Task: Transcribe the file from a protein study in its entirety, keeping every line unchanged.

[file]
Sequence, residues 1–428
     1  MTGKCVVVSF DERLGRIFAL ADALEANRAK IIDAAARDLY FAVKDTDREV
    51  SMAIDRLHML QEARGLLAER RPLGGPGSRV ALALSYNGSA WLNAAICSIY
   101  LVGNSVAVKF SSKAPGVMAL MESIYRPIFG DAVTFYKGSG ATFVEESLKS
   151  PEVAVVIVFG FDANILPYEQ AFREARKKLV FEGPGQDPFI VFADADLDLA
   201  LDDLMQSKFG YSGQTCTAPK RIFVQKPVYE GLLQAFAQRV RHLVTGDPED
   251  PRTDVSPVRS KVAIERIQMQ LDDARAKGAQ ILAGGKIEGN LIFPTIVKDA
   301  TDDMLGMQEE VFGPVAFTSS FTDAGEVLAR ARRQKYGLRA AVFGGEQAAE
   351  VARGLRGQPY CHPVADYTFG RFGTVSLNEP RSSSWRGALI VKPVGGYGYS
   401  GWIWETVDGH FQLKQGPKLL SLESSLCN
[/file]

Sequence, residues 1–428
     1  MTGKCVVVSF DERLGRIFAL ADALEANRAK IIDAAARDLY FAVKDTDREV
    51  SMAIDRLHML QEARGLLAER RPLGGPGSRV ALALSYNGSA WLNAAICSIY
   101  LVGNSVAVKF SSKAPGVMAL MESIYRPIFG DAVTFYKGSG ATFVEESLKS
   151  PEVAVVIVFG FDANILPYEQ AFREARKKLV FEGPGQDPFI VFADADLDLA
   201  LDDLMQSKFG YSGQTCTAPK RIFVQKPVYE GLLQAFAQRV RHLVTGDPED
   251  PRTDVSPVRS KVAIERIQMQ LDDARAKGAQ ILAGGKIEGN LIFPTIVKDA
   301  TDDMLGMQEE VFGPVAFTSS FTDAGEVLAR ARRQKYGLRA AVFGGEQAAE
   351  VARGLRGQPY CHPVADYTFG RFGTVSLNEP RSSSWRGALI VKPVGGYGYS
   401  GWIWETVDGH FQLKQGPKLL SLESSLCN